There is an alternative broadcast to Eurovision this Saturday: A rival “BDS” show will take place on four international stages — in Bethlehem, London, Haifa and Dublin — and feature renowned Palestinian, Israeli and international artists.
Globalvision calls itself a radically inclusive initiative “for artists and audiences to do it together, instead of only focusing on big names invested in maintaining the status quo.”
From the moment Netta Barzilai won last year’s Eurovision in a week that also saw the U.S. Embassy relocate to Jerusalem and the killing of 59 protesters on the Gaza Strip border, calls for competitors and broadcasters to boycott the song contest have been incessant. In the past year, more than 100,000 people, 100 LGBT groups, 100 Palestinian artists and 25 Israeli artists have called for a boycott. They scored one victory with the decision to relocate the contest from Jerusalem to Tel Aviv, but had no success persuading any of the countries or competitors to withdraw.
Despite that, the organizers behind Globalvision still believe it has been a galvanizing time for the movement.
Jo Tyabji from London says it is an opportunity for people “who hadn’t necessarily engaged with BDS before, other than not crossing the boycott line themselves,” to create something together.
The events are made possible by “supportive artists and individuals,” she says, with the likes of Brian Eno contributing a song. The biggest obstacle in their way has not been Israel but time and money: In contrast to the $30 million Eurovision spectacular in Tel Aviv, Globalvision promises to be a radical, DIY show.
- Eurovision Kicks Off in Tel Aviv as BDS Activists Protest Outside
- Greedy Jews, Occupation, and 'Lovely Bitches': Israel’s Eurovision Video Pushes Limits and Draws Fire
- BDS = Beautiful, Diverse, Sensational: Israel Fights Eurovision Boycott Campaign Using Google Ads
Singer Bashar Murad, from East Jerusalem, says one of his missions in performing is to show that Israel is “pinkwashing” its crimes. As a gay Palestinian, he takes particular offense at Israel’s claim that it is the only democracy in the Middle East and that Palestinians mistreat women and gay people.
“We live here and survive. Not everyone is accepting, but there are extremists everywhere,” he says. “There are many gay Palestinians — in Jerusalem, Ramallah and other places — who go out and get together as a community.”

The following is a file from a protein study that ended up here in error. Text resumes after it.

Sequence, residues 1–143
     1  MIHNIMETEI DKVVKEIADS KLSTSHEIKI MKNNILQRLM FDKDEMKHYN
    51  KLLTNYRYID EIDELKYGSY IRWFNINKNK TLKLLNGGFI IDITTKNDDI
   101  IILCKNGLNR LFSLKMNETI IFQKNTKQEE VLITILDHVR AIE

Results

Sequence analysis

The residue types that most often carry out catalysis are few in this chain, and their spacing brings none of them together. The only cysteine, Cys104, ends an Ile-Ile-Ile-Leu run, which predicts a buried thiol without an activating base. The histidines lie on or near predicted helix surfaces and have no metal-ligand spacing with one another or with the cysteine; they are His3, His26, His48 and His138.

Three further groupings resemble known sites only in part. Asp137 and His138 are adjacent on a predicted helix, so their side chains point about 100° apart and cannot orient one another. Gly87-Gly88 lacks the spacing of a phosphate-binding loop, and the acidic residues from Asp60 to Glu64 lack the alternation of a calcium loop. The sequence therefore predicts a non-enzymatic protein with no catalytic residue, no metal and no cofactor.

Murad says Eurovision at its core should be about equality and inclusiveness, that “it doesn’t matter what your nationality, race or sexual orientation is. In Palestine, it’s not the case. As we speak, the Eurovision rehearsals are happening while there are airstrikes in Gaza. It’s happening simultaneously. … You can’t take the competition out of context of the place in which it’s taking place.”
The Ramleh-based Rapper Mahmood Jrere, from the hip-hop trio Dam, will perform from his solo album “Rhythm of the Tribe” as part of Globalvision. Jrere tells Haaretz that Palestinian citizens of Israel don’t care about Eurovision, “we don’t feel that we belong, this is something that Israeli leaders helped achieve. Maybe one day we will have our own autonomy and we will have Eastvision, since where we in the Middle East.”
Jrere says that the “problem is not with Eurovision as an event, the problem is that this year the Eurovision will take place in a country that is practicing occupation and oppression.” Protests against Eurovision, he says, are a way for people to hear about the Palestinians’ plight, and an opportunity to tell “our story in any way that we can.” His message to Eurovision contestants already in Israel: “Try to visit the West Bank. It’s a life changing experience for anyone who believes in human rights.”
Last week, Iceland’s Eurovision representatives, the BDSM band Hatari, went on a tour of Hebron in the West Bank. Afterward, they gave an interview in which they called Israel an “apartheid state.”
Haifa-born, Berlin-based musician Rasha Nahas says she is performing at Globalvision because there’s a “certain responsibility” that comes with being a Palestinian artist. “Whatever you do, whenever you say Palestine it is immediately political. It’s occupation, it’s resistance,” she says.
In contrast to Israeli winner Barzilai’s repeated claims that neither she nor Eurovision are political, Nahas feels that, as a Palestinian artist, she is not afforded that privilege: “When there’s a Palestinian artist on stage, even a love song can be perceived as political.”
The singer says her life experience directly affects her music, which affects her career and the opportunities she does or does not get. For Nahas, Globalvision is simply a “critical, radical, nonviolent alternative that is focusing on unity and raising awareness.”
Tyabji says the initiative defines what it means to be an artist and that it serves as a direct contrast to what Eurovision represents. The aim of being “an artist, whether you’re a singer or a filmmaker or writer, should be to connect,” she says. “How can you claim your show does that when you have to block your eyes and ears to the deliberate erasure of Palestinian identity and life?”
Even as the different Eurovision events were unfolding in Israel, pro-Palestinian protests already began. On Sunday, more than a dozen local and international activists sat bound and blindfolded outside the opening ceremony, blocking one of the main entrances for some 20 minutes. On Tuesday, a protest calling to lift the siege on the Gaza Strip took place in Tel Aviv’s central Habima Square.
The Eurovision tourist village, set up at Charles Clore park in Tel Aviv, will also be scene to political protests, with activists holding an event commemorating the Palestinian village of Manshiye which stood on the site until 1948. Finally, a large protest is scheduled to coincide with the Eurovision finals on Saturday night, in Tel Aviv’s main expo center.